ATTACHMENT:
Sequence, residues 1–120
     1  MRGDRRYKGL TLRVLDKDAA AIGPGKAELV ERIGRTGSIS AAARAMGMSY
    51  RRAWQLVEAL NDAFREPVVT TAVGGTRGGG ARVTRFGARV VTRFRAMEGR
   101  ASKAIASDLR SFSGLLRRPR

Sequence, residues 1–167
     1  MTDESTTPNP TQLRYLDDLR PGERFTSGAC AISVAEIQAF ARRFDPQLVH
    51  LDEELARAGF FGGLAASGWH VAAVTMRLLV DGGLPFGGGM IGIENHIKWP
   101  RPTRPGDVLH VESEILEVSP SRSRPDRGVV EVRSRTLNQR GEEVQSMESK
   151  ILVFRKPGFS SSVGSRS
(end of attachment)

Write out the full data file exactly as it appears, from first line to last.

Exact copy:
Sequence, residues 1–120
     1  MRGDRRYKGL TLRVLDKDAA AIGPGKAELV ERIGRTGSIS AAARAMGMSY
    51  RRAWQLVEAL NDAFREPVVT TAVGGTRGGG ARVTRFGARV VTRFRAMEGR
   101  ASKAIASDLR SFSGLLRRPR

Sequence, residues 1–167
     1  MTDESTTPNP TQLRYLDDLR PGERFTSGAC AISVAEIQAF ARRFDPQLVH
    51  LDEELARAGF FGGLAASGWH VAAVTMRLLV DGGLPFGGGM IGIENHIKWP
   101  RPTRPGDVLH VESEILEVSP SRSRPDRGVV EVRSRTLNQR GEEVQSMESK
   151  ILVFRKPGFS SSVGSRS